A customer looks at products in a fake Apple store in Kunming, capital of Yunnan province, on July 22. The store was made famous by a blog posting that said even a store worker there did not realize it was a fake outlet. [Agencies]
Two of the five shops found selling iPhones and iPads in Kunming, capital of Southwest China’s Yunnan province, have already been closed by the local industry and commerce administration.
However, investigators say they need more details on Apple Inc’s distribution patterns before they can determine whether the other three are illegal.
Authorities have written to the headquarters of Apple’s China company and are waiting for answers to two questions, according to Liu, an official at the administration who did not give his full name.
Liu said the administration has asked Apple whether only authorized stores can sell its products and whether mimicking the design of its trademark minimalist shops is an infringement of intellectual property rights.
Liu said his office will act accordingly after receiving a response.
The fake Apple stores attracted worldwide media attention after they were exposed online by a blogger from the United States.
Shortly afterward, authorities launched a probe into the illegal sale of Apple products.
The investigation, after looking into about 300 shops in the city, found five unauthorized Apple stores, according to a report seen on the Kunming city government’s website.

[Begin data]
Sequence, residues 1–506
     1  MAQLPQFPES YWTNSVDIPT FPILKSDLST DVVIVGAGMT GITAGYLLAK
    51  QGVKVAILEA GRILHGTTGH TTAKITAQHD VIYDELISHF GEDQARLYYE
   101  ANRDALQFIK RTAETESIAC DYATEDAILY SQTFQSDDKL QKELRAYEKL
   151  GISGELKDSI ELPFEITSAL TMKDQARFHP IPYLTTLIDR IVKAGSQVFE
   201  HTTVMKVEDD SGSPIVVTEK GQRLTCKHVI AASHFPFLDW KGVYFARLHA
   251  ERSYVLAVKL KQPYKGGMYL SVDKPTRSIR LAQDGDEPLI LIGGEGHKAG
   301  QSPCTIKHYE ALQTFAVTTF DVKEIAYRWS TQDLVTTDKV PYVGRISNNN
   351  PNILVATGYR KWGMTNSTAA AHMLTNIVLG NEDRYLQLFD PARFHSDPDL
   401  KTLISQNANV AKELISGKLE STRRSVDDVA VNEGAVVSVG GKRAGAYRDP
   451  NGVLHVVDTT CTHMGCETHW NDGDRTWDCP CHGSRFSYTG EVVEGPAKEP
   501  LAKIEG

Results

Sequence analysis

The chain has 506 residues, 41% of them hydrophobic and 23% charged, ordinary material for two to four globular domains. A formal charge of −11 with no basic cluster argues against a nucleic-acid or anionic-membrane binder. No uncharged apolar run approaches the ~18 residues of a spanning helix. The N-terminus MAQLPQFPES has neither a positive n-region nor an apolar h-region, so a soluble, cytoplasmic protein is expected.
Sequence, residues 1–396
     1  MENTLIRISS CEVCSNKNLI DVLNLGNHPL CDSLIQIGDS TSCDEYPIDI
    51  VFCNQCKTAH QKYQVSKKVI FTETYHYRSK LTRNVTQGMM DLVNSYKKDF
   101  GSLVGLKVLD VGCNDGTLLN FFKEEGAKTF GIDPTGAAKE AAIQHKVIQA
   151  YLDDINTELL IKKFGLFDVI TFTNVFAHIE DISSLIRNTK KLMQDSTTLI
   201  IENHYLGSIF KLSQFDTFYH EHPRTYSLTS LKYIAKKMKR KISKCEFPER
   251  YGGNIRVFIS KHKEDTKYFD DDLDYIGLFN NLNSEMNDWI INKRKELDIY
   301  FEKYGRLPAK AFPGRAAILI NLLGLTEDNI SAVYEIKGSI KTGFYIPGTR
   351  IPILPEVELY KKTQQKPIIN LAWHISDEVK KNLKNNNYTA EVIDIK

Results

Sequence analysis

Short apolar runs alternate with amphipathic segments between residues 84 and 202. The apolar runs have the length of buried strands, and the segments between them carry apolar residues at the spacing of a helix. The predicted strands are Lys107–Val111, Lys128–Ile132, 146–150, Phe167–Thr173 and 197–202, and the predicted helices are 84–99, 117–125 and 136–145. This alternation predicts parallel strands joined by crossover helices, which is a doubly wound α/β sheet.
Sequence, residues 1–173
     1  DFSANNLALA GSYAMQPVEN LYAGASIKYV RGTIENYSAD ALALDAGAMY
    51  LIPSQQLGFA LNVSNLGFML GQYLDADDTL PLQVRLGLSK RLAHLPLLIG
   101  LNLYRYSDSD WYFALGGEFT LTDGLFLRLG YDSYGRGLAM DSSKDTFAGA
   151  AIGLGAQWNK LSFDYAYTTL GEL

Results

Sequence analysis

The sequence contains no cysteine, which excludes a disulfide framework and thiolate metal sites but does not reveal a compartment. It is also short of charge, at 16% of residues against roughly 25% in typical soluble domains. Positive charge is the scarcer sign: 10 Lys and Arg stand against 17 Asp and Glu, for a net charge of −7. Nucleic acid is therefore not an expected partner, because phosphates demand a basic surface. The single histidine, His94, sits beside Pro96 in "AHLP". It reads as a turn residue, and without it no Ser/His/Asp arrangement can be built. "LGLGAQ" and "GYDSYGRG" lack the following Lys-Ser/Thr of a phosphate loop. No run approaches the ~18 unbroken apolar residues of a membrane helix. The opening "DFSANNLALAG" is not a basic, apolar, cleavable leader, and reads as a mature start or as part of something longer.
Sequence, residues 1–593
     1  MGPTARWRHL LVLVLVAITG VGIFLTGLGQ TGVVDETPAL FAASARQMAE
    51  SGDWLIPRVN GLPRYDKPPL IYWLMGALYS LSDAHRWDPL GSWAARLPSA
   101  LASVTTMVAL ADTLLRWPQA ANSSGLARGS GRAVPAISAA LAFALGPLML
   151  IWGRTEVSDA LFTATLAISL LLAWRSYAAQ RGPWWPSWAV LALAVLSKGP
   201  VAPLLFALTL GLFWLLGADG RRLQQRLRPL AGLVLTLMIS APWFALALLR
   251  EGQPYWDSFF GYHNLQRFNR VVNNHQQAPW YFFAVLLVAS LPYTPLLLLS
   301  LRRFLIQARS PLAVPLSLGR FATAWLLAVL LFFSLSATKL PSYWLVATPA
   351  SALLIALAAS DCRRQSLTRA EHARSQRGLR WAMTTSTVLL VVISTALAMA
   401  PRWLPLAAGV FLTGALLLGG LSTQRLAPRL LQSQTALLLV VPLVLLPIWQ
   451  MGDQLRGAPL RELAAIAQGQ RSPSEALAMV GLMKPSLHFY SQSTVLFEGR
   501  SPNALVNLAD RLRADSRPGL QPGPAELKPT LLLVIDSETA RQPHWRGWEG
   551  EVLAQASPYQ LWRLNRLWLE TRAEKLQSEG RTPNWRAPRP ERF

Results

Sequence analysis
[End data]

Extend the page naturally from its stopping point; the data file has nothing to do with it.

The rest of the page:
Two of the five stores without business licenses have been closed, while three are still operating.
Amy Bessette, a spokeswoman for Apple based in California, declined to comment on the fake stores when she was interviewed by China Daily.
Instead, she suggested consumers turn to a page on Apple’s Chinese website, which lists authorized resellers.
A saleswoman at one of the three unauthorized Apple stores, who declined to reveal her name, said the shop owner is applying for authorization from the California-based IT giant and hopes to become licensed in the near future.
The shop has even seen an increase in business because of the wide media coverage it has received, she said.
However, Liu Yinliang, a legal expert at Peking University, said it was illegal for a reseller to use Apple’s brand and logo without the company’s approval under the Law Against Competition by Inappropriate Means.
China has four authorized Apple stores in Beijing and Shanghai, although the US electronics company has labeled China a “key market”. In contrast, it has 236 stores in the United States.